SARATOGA SPRINGS – Based on her first start, 2-year-old filly Be Your Best has learned her racing lessons well. She made her debut at Saratoga Race Course on July 31, winning by 3 1/4 lengths under jockey José Ortiz for owner/breeder Mike Ryan and trainer Horacio De Paz.
She’s still got to work on her barn manners, though.
In De Paz’s barn in Clare Court, she’s one of the few, maybe the only, horse whose stall is guarded by a gate instead of webbing. De Paz says that she’s pretty friendly and rather kind, but she developed an unfortunate habit of escaping.
“She’s small,” he said, “so she could crawl underneath the webbing and get out of the stall. She wouldn’t go far, she’d just stand in the shedrow and eat grass, but we had to put up the gate so that she couldn’t do that anymore.”
He also got her a goat, hoping that a companion animal might settle her. As it happened, fellow trainer Rudy Rodriguez had a goat that he was looking to rehome. It seems to have worked, but the goat, an imperious sort named Oreo, might be causing more problems than he’s solving.
On Travers morning, Oreo is settled comfortably into the stall next to Be Your Best’s. There’s a red “Horse In Today” sign hanging high up on the stall; the horse that resides in that stall is nowhere to be seen, relaxing back in a corner, so for all appearances, it looks like the sign is there for Oreo.
Which, it kind of is. Ordinarily, those signs hang off the lower part of the stall door.
“He kept trying to eat the sign,” said an amused, mildly exasperated De Paz. “So we moved it and now he’s all upset. He keeps jumping and down to try to get it.”
Pretty much on cue, Oreo got up and leapt straight up, getting in a nibble on the sign before gravity brought him back down.
Oreo will not be accompanying Be Your Best to the track on Thursday, when she is entered in the P.G. Johnson Stakes, race 10 on the card. Ryan bred her in Ireland and brought her to the United States, one of six horses he has with De Paz.
“Heading into that first race, she trained really good,” said De Paz. “But with first-time starters, you never know what will happen. We just hoped that it translated to the race. And it did — she handled everything really well.”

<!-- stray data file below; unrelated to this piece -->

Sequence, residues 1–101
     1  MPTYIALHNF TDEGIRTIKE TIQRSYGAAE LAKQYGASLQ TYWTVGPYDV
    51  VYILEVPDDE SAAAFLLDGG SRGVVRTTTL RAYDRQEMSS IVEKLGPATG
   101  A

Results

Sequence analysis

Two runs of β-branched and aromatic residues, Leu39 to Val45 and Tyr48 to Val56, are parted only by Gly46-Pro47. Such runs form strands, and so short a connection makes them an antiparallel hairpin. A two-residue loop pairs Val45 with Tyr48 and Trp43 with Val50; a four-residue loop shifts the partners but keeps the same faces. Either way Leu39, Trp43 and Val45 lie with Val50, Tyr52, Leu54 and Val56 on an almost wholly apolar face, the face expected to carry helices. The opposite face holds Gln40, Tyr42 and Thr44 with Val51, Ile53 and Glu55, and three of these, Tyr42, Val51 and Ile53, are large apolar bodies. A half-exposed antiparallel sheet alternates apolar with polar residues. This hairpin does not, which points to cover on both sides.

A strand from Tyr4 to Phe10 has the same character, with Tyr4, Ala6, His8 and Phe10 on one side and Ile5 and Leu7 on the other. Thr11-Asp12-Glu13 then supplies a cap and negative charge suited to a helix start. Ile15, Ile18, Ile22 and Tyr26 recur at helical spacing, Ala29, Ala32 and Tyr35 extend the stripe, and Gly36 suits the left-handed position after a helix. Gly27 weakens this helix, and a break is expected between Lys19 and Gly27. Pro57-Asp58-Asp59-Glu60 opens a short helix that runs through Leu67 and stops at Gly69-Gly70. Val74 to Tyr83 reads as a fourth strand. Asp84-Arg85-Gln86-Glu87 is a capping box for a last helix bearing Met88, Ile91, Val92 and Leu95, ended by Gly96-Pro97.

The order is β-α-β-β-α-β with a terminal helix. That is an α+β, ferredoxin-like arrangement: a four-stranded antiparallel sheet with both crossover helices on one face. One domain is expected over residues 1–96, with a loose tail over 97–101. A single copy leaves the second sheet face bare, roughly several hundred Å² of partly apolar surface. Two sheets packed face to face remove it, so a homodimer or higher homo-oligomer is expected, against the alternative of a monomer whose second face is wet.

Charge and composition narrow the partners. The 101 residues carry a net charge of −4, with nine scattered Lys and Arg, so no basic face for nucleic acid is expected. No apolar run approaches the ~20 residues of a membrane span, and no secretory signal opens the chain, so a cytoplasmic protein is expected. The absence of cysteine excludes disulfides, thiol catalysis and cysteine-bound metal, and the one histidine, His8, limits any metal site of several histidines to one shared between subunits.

Originally from Texas, De Paz got his start in horse racing by riding Quarter Horse match races. His first racetrack job was at Louisiana Downs, where he lived on the backside, which was quite a difference from living at home.
“That was an experience,” he recalled with a smile. “But I met some great people there, and I learned a lot.”
From Louisiana, he went to Oaklawn Park in Arkansas, working for John Servis, trainer of 2004 Kentucky Derby and Preakness winner Smarty Jones. Impressive as Servis’ résumé was, it was nothing compared to De Paz’s next employer: Hall of Fame trainer D. Wayne Lukas.
“He brought me to Kentucky and Saratoga,” said De Paz. “We went back to Kentucky after Saratoga, and that year the Breeders’ Cup was at Churchill Downs, and Todd had like 18 horses running. I was like, ‘That guy knows what he’s doing,’ so I ended up hooking up with them and going to California.”
“Todd” is Hall of Fame trainer Todd Pletcher, an alumnus of the Lukas school of training horses, a former assistant to the man called “Coach” on the backstretch.
De Paz spent five years with Pletcher, then did stints in Ocala breaking horses and working on private farms before heading to Maryland to be the private trainer for Sagamore Farm’s reborn Thoroughbred racing and breeding organization.
Among his first clients when he opened a public stable in 2018 was Barry Schwartz, a former chair of the board of the New York Racing Association who has long owned and bred horses in New York. One of the first horses De Paz had, a filly named Sharp Starr, brought the trainer his first graded stakes win, in the 2020 Go for Wand Handicap.
“I announced I was going public at Saratoga,” he said, “and then I ran into Barry at the Wishing Well. He said he’d like to send me some horses.”
Four years later, he trains the 7-5 morning line favorite in the P.G. Johnson Stakes, run on the turf at 1 1/16 miles. Be Your Best will break from post 6 with José Ortiz in the saddle.
“She enjoys training,” said De Paz, walking to her stall to pose for a photo with her. “She’s really professional and classy.”
The same, alas, cannot be said of Oreo, who used every inch of the lead tying him to the stall to lunge at “his” filly and De Paz, perhaps misunderstanding that he’s supposed to be a companion and not a bodyguard.
“I’m not afraid of him,” said the trainer, not entirely convincingly. “It seems like when people come around, he gets kind of hyper.”
On Thursday, Be Your Best will, one can hope, run her best and get to the winner’s circle of a Saratoga stakes race. Afterward, she’ll walk back to the quiet of Clare Court, to be bathed and fed and tucked into her stall for the night.
And, for better or worse, Oreo will be waiting.